Washington County campsite to be ADA compliant
WASHINGTON, Iowa (GTNS) – The Washington County Conservation Board received updates on two projects under construction in Marr Park.
Conservation Board Executive Director Steve Anderson said conctete has been poured for a campsite that is compliant with the Americans With Disabilities Act (ADA) specifications.
The project is projected to cost $10,000. It includes pouring concrete pads to provide access to campground amenities such as picnic tables, grills and electric and water hookups.
The campsite would also provide wheelchair access to the park’s shower facilities.
Concrete is also being poured for construction of a 50 foot-by-100 foot cold storage shed. The building will be used to store equipment and protect county resources.
The $92,000 project is scheduled for completion in the remaining months of this year.
In other business the county received an update on timber improvements at Sockum Ridge.
The conservation board has contracted with Complete Forestry Service for understory tree removal on approximately 14 acres in Sockum. The contract calls for trees that are not oak, shagbark hickory, or walnut, and larger than 2 inches in diameter, to be culled.
The project, budgeted for $2,450, began recently and should be completed during the winter months. No timber removal will take place during shotgun deer season.
Once the understory trees have been culled, the staff will conduct a prescribed burn next spring. The goal, Anderson said, is to allow sunlight into the timber stands so that shade-intolerant species can flourish. Acorns and other seeds need sun to germinate and grow.
The board has also entered into a timber management contract with Strongarm Wood Services to remove understory brush at Foster Woods County Park near Wellman.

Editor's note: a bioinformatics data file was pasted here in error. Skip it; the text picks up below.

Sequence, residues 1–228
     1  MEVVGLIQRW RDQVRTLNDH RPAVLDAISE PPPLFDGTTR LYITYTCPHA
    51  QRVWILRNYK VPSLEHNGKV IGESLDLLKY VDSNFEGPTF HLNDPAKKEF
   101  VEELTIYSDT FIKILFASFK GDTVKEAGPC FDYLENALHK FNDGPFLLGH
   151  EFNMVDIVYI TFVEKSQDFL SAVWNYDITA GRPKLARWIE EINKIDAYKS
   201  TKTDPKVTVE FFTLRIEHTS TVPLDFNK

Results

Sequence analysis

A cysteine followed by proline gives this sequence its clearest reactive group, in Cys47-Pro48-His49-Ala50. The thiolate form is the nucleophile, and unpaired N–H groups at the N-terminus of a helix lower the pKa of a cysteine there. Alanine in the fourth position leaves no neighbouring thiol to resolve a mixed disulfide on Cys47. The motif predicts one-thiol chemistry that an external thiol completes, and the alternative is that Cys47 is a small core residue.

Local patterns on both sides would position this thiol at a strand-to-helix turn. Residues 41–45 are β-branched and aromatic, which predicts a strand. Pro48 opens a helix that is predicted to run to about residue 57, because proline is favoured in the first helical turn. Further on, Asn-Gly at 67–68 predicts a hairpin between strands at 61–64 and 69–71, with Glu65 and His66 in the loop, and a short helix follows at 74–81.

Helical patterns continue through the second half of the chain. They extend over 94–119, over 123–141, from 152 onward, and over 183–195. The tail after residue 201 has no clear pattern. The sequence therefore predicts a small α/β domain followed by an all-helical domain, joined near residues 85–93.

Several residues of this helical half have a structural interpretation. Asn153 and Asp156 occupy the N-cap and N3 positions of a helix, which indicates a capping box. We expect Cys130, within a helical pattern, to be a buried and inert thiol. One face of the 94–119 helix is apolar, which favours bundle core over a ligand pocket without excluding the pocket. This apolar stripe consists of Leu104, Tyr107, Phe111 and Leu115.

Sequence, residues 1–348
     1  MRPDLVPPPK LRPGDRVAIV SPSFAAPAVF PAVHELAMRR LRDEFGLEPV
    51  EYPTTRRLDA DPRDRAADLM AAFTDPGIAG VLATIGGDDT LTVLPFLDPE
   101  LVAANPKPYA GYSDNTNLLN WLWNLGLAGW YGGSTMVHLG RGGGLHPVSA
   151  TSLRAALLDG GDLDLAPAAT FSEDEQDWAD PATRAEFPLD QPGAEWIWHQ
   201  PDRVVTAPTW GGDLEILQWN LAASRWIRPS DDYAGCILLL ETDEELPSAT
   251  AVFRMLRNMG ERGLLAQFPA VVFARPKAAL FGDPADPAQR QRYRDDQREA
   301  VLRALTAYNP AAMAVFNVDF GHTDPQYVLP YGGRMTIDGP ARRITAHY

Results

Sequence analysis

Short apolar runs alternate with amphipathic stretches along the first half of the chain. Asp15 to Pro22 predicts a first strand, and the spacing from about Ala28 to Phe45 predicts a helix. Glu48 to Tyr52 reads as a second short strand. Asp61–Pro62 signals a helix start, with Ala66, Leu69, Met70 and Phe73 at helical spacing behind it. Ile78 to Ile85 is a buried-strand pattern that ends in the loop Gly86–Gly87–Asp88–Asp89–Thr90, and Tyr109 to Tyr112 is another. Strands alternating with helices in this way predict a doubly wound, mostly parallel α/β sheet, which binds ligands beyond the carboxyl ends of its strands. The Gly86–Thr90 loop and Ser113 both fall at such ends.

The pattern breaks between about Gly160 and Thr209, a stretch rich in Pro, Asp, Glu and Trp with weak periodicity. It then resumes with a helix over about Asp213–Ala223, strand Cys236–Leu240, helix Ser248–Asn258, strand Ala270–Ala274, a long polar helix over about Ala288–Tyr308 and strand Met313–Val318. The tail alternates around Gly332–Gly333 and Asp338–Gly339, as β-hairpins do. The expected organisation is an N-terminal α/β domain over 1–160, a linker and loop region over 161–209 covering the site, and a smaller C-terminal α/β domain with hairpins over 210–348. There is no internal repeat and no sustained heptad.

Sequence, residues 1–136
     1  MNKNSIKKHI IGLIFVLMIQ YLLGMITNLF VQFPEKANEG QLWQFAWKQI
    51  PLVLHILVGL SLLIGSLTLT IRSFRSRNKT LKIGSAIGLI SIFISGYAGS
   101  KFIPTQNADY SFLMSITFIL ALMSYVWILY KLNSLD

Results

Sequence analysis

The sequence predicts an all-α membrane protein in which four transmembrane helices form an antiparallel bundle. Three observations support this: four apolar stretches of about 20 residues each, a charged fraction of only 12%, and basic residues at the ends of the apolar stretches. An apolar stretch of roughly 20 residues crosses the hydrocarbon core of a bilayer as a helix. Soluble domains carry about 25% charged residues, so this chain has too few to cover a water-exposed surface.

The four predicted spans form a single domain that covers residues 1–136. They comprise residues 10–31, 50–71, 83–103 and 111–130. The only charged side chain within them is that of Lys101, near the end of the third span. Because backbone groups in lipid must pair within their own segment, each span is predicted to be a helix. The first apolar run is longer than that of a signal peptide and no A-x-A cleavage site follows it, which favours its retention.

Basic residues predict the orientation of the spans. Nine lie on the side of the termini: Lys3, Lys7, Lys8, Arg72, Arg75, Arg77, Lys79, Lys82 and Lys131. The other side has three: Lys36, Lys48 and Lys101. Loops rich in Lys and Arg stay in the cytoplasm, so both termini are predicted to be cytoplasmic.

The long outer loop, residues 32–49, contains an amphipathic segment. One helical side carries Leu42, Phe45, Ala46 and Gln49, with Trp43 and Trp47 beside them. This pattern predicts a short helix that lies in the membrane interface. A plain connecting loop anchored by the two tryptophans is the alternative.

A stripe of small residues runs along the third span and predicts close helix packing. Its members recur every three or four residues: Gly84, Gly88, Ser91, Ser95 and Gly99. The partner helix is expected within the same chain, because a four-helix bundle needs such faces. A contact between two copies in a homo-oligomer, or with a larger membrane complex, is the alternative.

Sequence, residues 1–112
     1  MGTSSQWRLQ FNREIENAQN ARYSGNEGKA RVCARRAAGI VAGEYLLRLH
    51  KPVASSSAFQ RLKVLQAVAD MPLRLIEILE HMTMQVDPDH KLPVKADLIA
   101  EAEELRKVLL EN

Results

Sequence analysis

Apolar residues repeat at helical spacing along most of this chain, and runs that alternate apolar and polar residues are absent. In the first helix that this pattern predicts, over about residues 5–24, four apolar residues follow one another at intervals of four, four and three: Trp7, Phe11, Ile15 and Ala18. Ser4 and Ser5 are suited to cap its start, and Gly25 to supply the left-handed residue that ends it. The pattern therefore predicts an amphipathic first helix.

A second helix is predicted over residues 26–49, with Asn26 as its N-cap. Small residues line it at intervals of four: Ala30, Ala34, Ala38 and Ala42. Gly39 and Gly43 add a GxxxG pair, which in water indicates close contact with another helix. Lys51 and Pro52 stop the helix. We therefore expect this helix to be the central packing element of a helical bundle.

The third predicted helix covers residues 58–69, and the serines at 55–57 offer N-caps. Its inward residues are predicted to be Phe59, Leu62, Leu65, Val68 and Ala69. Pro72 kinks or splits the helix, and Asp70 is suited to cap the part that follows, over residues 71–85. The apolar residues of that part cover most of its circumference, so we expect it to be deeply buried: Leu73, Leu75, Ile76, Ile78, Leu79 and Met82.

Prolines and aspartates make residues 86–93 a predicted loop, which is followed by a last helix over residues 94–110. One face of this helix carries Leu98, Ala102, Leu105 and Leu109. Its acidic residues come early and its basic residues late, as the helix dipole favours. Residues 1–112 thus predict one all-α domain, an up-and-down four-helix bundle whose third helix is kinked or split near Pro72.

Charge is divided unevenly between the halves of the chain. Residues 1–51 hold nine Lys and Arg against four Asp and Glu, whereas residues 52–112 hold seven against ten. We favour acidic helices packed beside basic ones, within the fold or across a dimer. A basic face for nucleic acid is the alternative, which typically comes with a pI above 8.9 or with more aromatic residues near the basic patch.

The contract calls for the company to remove brush and 39 trees at no cost to the county in exchange for firewood and one-half the lumber value of the designated trees.
The timber management program is part of a larger effort to restore the park to its original condition. Board members also plan to improve the pond and restock it with fish. The project includes adding facilities and stabilizing the trails.
The multi-stage project is projected to cost $75,000. Grants and in-kind payments could reduce the final cost.
The board agreed to redirect Kewash Trail traffic to the new Keota Trailhead being constructed on the west side of the community.
The Keota Visioning Committee has constructed a new trail bed and is preparing for the permanent closure of a portion of the current trail.
The previous trailhead will be abandoned at a later date, but a neighboring business has asked that hikers and bikers use the newly constructed trail to avoid business traffic.
Barriers will be placed across the trail and signing will redirect those using it to the new, safer trailhead.
In approving the request, board member Lyle Moen pointed out that the new trailhead was designed to accomplish that very goal.